Study of the Mozart Effect in Children with Epileptic Electroencephalograms

PURPOSE: To establish if listening to Mozart’s Sonata for two pianos in D major (K448) has an anti-epileptic effect on the EEGs (electroencephalograms) of children.

METHODS: Forty five children (2-18 years; mean 7 years 10 months) who had epileptiform activity on EEG were recruited from those attending for scheduled EEG investigations. Mozart’s Sonata for two pianos in D major (K448) and an age-appropriate control music were played during the EEG. There were five consecutive states during the record, each lasting 5?min; before Mozart music (baseline), during Mozart music, after Mozart music/before control music, during control music and after control music. Epileptic discharges were counted manually and the mean frequency of epileptic discharges calculated in each state.

RESULTS: A significant reduction (p?<?0.0005) in the frequency of epileptic discharges was found during listening to the Mozart music compared to the baseline. No evidence of a difference in mean epileptic discharges was found between the baseline and the other three states or between listening to the Mozart music and control music.

CONCLUSION: This study confirms an anti-epileptic effect of Mozart music on the EEG in children, which is not present with control music. The role of ‘Mozart therapy’ as a treatment for drug-resistant epilepsy warrants further investigation.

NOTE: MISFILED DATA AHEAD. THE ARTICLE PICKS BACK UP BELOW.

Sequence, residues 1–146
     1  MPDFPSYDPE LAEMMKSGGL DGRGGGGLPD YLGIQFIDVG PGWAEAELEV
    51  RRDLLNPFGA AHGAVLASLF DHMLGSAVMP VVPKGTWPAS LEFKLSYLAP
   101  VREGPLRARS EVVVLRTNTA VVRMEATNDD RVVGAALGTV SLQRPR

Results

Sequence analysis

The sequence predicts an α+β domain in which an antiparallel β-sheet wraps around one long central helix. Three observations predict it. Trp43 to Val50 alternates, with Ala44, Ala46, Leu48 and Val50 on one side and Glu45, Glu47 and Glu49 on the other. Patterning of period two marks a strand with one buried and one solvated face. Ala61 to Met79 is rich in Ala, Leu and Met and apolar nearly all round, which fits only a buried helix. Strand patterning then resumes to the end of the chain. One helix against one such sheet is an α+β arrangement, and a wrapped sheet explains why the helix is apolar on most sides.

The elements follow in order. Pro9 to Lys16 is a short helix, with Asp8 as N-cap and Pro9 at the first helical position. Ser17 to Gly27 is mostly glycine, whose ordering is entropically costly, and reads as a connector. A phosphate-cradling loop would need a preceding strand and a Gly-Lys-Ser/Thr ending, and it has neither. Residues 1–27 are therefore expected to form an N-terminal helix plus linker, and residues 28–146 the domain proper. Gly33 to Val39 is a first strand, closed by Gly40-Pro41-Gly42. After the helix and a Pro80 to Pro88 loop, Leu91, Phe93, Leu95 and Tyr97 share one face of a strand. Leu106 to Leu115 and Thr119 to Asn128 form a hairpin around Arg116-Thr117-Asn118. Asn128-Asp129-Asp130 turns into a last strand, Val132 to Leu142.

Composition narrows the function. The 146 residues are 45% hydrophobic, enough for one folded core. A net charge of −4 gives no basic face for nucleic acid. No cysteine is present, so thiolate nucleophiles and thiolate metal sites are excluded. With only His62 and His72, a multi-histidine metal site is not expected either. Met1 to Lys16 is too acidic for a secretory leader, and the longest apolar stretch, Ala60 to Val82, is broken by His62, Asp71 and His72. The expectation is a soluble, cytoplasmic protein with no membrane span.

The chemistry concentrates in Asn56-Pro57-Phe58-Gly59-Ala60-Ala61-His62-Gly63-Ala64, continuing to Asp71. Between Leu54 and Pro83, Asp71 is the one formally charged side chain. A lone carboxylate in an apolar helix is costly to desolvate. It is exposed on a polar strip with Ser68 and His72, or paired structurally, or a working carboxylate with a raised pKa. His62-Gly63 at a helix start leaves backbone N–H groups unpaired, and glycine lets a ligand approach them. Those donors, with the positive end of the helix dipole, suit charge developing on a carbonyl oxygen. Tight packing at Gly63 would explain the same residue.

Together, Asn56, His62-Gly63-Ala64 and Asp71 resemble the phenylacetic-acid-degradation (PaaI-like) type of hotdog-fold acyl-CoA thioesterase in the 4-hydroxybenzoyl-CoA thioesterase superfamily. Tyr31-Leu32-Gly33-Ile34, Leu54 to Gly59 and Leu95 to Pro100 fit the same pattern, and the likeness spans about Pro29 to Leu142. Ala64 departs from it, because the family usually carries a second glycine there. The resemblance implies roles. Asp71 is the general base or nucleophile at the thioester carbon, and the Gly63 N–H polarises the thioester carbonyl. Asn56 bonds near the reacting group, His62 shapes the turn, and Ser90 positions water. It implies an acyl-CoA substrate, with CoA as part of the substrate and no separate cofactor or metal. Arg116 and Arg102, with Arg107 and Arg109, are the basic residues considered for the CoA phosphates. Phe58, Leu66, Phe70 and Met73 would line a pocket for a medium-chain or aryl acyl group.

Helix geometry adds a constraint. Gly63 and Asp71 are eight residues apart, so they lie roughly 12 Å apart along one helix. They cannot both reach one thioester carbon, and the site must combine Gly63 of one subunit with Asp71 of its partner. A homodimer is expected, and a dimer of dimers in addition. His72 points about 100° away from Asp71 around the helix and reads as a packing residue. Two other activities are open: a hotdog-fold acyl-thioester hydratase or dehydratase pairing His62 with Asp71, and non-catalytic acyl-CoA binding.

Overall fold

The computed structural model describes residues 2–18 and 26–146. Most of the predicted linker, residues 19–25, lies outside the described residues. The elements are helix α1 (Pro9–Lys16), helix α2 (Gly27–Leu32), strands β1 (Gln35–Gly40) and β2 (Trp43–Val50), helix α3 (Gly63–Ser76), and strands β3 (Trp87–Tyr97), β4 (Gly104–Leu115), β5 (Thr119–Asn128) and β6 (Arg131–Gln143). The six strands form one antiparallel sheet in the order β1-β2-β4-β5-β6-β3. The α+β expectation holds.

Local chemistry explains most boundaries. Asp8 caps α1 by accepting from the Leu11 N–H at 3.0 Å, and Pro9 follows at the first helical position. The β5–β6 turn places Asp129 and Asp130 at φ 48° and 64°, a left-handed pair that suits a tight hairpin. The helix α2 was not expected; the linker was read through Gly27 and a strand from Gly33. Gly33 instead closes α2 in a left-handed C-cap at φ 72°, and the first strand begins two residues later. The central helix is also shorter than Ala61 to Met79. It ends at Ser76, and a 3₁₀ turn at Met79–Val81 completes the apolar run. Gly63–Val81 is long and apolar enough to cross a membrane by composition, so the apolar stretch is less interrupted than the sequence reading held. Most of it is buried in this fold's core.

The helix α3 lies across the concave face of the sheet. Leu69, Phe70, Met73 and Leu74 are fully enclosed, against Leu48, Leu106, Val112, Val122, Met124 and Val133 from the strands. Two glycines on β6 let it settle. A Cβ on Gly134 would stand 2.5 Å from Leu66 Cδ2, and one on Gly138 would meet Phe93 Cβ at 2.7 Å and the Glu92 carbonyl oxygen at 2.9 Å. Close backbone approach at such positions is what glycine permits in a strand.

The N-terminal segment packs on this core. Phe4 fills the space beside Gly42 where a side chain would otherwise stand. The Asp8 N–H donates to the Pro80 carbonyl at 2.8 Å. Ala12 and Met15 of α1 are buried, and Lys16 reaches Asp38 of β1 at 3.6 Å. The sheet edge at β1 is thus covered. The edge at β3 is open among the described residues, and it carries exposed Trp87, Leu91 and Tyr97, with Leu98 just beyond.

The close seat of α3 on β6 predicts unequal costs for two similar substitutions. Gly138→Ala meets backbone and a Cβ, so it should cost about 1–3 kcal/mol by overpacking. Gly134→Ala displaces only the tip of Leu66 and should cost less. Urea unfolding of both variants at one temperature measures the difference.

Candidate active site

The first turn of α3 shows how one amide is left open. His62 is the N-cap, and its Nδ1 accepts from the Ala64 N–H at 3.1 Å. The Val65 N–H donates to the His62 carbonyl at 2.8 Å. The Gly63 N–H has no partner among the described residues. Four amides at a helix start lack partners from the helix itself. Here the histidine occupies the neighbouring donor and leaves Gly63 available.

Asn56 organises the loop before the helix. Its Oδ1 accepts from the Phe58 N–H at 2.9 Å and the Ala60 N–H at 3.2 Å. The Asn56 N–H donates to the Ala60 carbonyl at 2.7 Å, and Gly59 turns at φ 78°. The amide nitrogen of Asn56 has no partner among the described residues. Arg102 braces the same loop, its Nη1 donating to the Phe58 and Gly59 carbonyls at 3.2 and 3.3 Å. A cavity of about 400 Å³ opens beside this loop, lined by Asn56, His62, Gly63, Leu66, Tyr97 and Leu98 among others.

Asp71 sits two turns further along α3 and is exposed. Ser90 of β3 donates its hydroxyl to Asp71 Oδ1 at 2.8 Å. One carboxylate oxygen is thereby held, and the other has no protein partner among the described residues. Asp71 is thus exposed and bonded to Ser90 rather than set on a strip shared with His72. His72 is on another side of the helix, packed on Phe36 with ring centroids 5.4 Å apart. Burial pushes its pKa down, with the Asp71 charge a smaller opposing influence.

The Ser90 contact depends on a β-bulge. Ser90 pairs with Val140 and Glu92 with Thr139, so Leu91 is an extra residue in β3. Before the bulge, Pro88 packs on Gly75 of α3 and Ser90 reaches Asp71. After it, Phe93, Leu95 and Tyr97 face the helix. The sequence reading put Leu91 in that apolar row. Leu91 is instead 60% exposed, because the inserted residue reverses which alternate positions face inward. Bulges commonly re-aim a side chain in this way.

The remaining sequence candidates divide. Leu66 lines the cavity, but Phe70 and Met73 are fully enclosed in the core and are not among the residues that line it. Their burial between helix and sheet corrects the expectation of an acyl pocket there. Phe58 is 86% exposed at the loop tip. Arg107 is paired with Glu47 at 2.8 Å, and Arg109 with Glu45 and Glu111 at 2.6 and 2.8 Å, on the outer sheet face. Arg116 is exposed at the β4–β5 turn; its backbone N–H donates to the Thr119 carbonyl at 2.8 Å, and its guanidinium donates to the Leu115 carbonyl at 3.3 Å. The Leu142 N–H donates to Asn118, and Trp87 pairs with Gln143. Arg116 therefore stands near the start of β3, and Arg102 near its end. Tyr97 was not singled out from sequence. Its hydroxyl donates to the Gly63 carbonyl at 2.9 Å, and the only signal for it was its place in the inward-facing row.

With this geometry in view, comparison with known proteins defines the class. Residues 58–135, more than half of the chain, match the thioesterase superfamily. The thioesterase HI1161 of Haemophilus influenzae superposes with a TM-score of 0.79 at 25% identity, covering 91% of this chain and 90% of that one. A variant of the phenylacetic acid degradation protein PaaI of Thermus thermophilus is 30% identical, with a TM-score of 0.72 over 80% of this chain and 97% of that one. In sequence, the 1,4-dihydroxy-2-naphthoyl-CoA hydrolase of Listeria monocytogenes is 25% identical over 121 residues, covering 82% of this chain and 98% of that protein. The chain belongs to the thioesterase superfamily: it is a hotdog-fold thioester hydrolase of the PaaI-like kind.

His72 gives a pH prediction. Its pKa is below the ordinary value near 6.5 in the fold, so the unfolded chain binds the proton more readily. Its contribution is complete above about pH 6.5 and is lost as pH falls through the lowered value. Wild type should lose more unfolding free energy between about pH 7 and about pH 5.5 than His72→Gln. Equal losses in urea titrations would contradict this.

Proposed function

Study: Major Depressive Disorder in Epilepsy Clinics – A Meta-Analysis

BACKGROUND AND PURPOSE: Although depression is a frequent psychiatric comorbidity in people with epilepsy (PWE), its prevalence has been underestimated. Comorbid depression has negative impacts on treatment outcomes and quality of life (QOL). It also causes various problems in PWE, such as fatigue, irritability, and suicidality. This meta-analysis was performed to estimate the frequency of major depression disorder (MDD) in clinics managing PWE.

METHODS: We searched MEDLINE, EMBASE, Cochrane Library, Web of Science, and SCOPUS to identify studies. Hospital-based studies and original research presenting information regarding prevalence of MDD, determined using a gold standard diagnostic tool in adult PWE, were considered for inclusion. The prevalence of depression was examined by meta-analysis. In addition, subgroup analysis was performed based on the continent where the selected studies were conducted, the strictness of selection criteria, and gender. Strict selection criteria were defined as any mention of the use of exclusion criteria.

RESULTS: A total of 6607 studies were identified by searching the five databases outlined above. After screening and rescreening, 35 studies were included in the meta-analysis. The total number of PWE was 5434. In the test for heterogeneity of the studies, I2 was 68.014, and the Cochran Q value was 106.296 (p?<?0.01). As a pooled estimate, the point prevalence of MDD in PWE was 21.9% with a 95% confidence interval (CI) of 20.8-23.0 in a fixed effects model. In subgroup analyses, continent partly explained the heterogeneity among the selected studies, but the strictness of selection criteria did not. The prevalence of MDD was higher in females than in males (26.4% vs. 16.7%, respectively) with an odds ratio (OR) of 1.805 (95% CI: 1.443-2.258; p?<?0.01).

CONCLUSIONS: The point prevalence of major depressive disorder is estimated at 21.9% among people with epilepsy in epilepsy clinics and is higher in females than in males. Based on this relatively high prevalence in people with epilepsy, measures are required to identify and resolve MDD. In addition, the female predominance of major depressive disorder among people with epilepsy indicates a need to pay greater attention to females. Such efforts may reduce the impact of depression in people with epilepsy and improve their quality of life.

Study: Risk Assessment of In-Hospital Mortality of Patients with Epilepsy – A large Cohort Study

PURPOSE: This study aimed to explore the mortality risks of hospitalized patients with epilepsy (PWE).